Myogenesis in dysferlin-deficient myoblasts is inhibited by an intrinsic inflammatory response.

Mark McIntosh,'s picture
PubMed URL:
Partridge TA
Author List: 
Cohen TV
Cohen JE
Partridge TA
Neuromuscul Disord
PubMed ID: 
Limb-girdle muscular dystrophy type 2B results from mutations in dysferlin, a membrane-associated protein involved in cellular membrane repair. Primary myoblast cultures derived from dysferlinopathy patients show reduced myogenic potential, suggesting that dysferlin may regulate myotube fusion and be required for muscle regeneration. These observations contrast with the findings that muscle develops normally in pre-symptomatic dysferlinopathy patients. To better understand the role of dysferlin in myogenesis, we investigated this process in vitro using cells derived from two mouse models of dysferlinopathy: SJL/J and A/J mice. We observed that myotubes derived from dysferlin-deficient muscle were of significantly smaller diameters, contained fewer myonuclei, and displayed reduced myogenic gene expression compared to dysferlin-sufficient cells. Together, these findings suggest that the absence of dysferlin from myoblasts is detrimental to myogenesis. Pro-inflammatory NFκB signaling was upregulated in dysferlin-deficient myotubes; the anti-inflammatory agent celastrol reduced the NFκB activation and improved myogenesis in dysferlin-deficient cultures. The results suggest that decreased myotube fusion in dysferlin deficiency is attributable to intrinsic inflammatory activation and can be improved using anti-inflammatory mediators.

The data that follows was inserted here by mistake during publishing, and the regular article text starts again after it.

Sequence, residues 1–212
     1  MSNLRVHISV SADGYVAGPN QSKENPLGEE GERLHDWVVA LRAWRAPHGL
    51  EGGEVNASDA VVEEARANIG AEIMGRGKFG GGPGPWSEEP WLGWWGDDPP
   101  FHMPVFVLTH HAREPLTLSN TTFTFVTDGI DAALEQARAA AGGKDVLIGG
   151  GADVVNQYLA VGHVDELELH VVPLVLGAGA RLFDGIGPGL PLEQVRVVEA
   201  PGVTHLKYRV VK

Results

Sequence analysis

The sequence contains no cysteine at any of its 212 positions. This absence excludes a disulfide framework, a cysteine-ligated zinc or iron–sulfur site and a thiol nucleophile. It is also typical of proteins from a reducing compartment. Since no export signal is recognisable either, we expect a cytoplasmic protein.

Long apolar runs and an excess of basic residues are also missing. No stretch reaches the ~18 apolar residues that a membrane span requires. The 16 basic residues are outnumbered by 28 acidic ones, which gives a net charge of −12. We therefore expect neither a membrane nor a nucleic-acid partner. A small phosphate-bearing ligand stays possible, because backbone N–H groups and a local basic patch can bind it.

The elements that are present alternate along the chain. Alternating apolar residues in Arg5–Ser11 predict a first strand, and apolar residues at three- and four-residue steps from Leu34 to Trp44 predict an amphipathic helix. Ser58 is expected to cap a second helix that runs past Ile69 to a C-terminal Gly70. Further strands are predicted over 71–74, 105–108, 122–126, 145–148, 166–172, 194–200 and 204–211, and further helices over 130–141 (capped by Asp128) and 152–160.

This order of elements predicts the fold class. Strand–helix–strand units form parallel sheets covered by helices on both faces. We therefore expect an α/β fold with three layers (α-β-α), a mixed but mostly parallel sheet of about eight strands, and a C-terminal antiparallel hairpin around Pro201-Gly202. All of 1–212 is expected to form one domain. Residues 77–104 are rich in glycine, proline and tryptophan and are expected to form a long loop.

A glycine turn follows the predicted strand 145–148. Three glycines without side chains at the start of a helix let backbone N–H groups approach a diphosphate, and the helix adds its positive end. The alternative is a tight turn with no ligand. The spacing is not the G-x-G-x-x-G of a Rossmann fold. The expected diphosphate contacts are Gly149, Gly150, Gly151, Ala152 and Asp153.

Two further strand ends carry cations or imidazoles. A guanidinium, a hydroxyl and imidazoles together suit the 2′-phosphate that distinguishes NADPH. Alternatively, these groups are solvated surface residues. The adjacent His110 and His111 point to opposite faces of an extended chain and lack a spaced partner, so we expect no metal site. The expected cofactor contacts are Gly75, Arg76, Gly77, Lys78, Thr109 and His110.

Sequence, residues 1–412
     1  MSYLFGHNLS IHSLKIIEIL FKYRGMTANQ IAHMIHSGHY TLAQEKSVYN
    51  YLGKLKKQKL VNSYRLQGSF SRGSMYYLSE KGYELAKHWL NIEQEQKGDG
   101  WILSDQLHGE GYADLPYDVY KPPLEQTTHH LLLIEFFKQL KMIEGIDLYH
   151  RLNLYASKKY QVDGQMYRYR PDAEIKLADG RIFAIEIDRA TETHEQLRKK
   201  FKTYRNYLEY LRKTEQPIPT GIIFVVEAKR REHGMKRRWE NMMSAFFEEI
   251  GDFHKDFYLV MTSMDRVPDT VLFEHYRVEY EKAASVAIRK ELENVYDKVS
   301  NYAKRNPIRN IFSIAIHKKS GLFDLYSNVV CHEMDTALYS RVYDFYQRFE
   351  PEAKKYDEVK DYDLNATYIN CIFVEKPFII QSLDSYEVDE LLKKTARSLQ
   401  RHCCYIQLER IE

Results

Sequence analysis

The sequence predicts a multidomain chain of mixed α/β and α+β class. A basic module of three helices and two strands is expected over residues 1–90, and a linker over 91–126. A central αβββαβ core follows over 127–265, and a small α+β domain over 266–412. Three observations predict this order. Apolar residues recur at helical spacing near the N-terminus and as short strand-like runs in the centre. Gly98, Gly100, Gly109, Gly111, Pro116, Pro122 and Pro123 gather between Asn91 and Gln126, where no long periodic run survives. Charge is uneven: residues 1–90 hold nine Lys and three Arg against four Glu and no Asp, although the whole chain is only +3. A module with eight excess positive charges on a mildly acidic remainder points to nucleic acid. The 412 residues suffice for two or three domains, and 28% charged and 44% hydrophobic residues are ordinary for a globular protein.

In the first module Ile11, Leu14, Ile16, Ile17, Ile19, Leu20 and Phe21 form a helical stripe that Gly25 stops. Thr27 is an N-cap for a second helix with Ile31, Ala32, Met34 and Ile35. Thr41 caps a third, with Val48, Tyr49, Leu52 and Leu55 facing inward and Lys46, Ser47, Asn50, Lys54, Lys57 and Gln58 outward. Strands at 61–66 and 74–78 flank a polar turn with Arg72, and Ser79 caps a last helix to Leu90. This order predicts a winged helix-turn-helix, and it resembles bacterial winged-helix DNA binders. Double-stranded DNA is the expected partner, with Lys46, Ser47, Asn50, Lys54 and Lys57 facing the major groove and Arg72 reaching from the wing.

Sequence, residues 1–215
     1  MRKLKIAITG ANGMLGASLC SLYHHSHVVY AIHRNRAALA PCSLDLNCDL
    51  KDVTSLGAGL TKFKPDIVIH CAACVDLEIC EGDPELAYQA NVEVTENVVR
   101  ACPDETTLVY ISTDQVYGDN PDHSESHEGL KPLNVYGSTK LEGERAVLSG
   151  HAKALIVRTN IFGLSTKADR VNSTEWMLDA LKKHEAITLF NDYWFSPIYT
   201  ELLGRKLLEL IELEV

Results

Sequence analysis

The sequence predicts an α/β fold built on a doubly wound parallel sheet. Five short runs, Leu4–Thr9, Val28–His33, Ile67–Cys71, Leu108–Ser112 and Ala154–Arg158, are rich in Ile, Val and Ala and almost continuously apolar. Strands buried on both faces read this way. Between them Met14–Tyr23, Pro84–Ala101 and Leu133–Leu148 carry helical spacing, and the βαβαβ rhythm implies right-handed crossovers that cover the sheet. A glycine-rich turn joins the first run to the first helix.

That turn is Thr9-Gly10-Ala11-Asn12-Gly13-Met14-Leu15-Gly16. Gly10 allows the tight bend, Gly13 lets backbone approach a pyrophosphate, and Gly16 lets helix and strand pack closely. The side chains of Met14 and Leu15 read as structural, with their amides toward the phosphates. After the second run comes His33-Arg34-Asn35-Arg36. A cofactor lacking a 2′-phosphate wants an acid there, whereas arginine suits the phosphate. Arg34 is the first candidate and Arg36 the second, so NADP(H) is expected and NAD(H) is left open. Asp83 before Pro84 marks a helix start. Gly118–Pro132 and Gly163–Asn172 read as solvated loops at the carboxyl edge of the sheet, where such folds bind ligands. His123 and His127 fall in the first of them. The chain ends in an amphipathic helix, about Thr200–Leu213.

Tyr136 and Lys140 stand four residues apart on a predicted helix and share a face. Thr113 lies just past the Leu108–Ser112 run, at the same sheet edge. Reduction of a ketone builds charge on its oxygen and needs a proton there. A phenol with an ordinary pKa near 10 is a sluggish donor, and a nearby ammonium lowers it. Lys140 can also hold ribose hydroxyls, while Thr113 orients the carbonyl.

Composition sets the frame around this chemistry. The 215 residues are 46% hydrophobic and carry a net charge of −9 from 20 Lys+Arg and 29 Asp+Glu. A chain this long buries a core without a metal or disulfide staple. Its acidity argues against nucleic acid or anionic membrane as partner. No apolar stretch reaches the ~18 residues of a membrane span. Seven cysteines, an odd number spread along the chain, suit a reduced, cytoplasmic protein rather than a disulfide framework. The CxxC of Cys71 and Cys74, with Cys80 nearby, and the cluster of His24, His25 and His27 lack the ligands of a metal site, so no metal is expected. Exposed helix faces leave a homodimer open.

Published Date: 
July, 2012

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